Summer 2004

Sailing down a mighty river of type

Dutch Type

By Jan Middendorp. Design: Peter Verheul and Bart de Haas, 010 Publishers, € 62.50

Over the past five centuries the Netherlands has become an extremely densely populated country and the number of Dutch typeface designers has increased at an even more furious pace. Fortunately, typeface designers do not take up much space, since they focus on a very small area: just two lots of 26 characters, ten digits and a few bits of punctuation.

Jan Middendorp’s book about the development of Dutch type over this time span is a must. It took him seven years of extensive and thorough research to complete the book and he is a smooth operator. From 1997 to the end of 2003 he moved quietly through the offices of Dutch type designers, graphic designers and other places, where he listened, asked questions and collected information. The result is a 320-page 1.5kg book, packed with colour illustrations, that gives a full picture of the Dutch type design scene.

Reading the book is a little like travelling along a great river of type, and it has a structure to match. It starts off telling the story of the past at a rapid pace but as it comes closer to the present, the stream of information widens, and the tempo of the book slows down, to end in a wide delta of contemporary Dutch typeface designers.

There are a few omissions. I missed Gielijn Escher, for example, but then Escher is famously uncooperative with those seeking to write a history of his graphic work. Nevertheless, his is a name we should remember.

Piet Zwart’s work is also not shown enough. Zwart trained as an architect, moved into the direction of industrial design and became a very important graphic designer in the 1920s. His architecturally built typography inspired many designers in The Netherlands and aboard, which is why his name is often mentioned in the text. But his work is seldom seen in this book: the heirs and their lawyers have made it difficult for Zwart’s work to be reproduced in books such as this. There is a danger that this important graphic designer might disappear from design history altogether.

Middendorp has a great enthusiasm for his subject and the breadth of his mental bandwidth is truly impressive. The author effortlessly puts himself into the different minds of type designers in order to inform the reader about their opinions and ideas. His approach is non-judgmental, and he respects and treats all as equals.

Showing and telling all has the effect of neutralising the influenceof the canon, and this is another of the book’s strong points. It gives airtime to names and projects that often don’t get a mention by design historians under the influence of suffocating peer pressure that dictates to them what work is cool and what is not. Though Dutch, Middendorp lives in Ghent, Belgium: maybe that is why he is able to bring a refreshing distance to the subject.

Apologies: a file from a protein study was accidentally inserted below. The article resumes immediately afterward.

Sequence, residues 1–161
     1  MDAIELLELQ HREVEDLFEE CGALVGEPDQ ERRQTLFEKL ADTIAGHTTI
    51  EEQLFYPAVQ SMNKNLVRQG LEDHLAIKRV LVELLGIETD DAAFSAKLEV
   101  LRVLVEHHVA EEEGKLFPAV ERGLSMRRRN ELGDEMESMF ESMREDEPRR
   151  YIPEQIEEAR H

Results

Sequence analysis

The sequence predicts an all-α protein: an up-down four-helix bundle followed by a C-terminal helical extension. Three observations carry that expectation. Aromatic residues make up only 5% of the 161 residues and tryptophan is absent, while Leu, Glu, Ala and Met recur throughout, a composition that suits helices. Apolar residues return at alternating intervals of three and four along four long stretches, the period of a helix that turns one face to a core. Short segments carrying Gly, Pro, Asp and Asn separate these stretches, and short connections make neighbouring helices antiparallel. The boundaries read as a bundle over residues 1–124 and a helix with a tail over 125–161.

The book gave me the chance to finally read about some of my secret type loves. The choice of images is impressive: there are a lot of fresh new images, many of them in colour, and print and scan quality is high.

However I have a minor quibble with the typography and the layout of the book. The point size is small, the lines are pretty long, and the use of only one typeface throughout the entire book, placed in a simple grid, makes the pages repetitive and lifeless. But as an archive of five centuries of Dutch type sweat it can’t be beaten.

Middendorp succeeds in his mission and serves up pages packed with well documented information. A warning: the book is like a big box of very tasty type treats. If you try and eat them all at once, you will certainly get sick.

Just take a few once in a while and you will stay in good shape. I think this book will blow type designers away, now and in the future – especially those starting out in their careers. While providing a great source of inspiration it will also make young designers ask: ‘what can I contribute to this very wide and crowed delta?’

In an article in 5pts, a magazine published last year by the Dutch / Finnish type designers Underware, I pointed out that type designers these days only focus on dressing up the basic letterforms, but forget to think about what these forms do. I think there is room for further and deeper exploration of type as a phonetic topic. For example the aspect of language is completely neglected. I hope that future designers will take note. For now, though, many Dutch men – there are few women – are busy exploring the form of only two sets of 26 characters.

A book with ‘Dutch’ in its title is timely. It is going to become increasingly hard to keep Dutch type Dutch when type designers are using the same software to produce their fonts for the various media and when exchange is a key word. Think about the Web, email, or printed matter flying to other continents. All kinds of cross-connections with other foreign type designers will make the national rivers end in a huge body of water. But that is the future, and this book is the present.

If you haven’t already gone out and bought this book my advice to you is do so straight away. I have just one piece of advice to those who own the book: dive into it.

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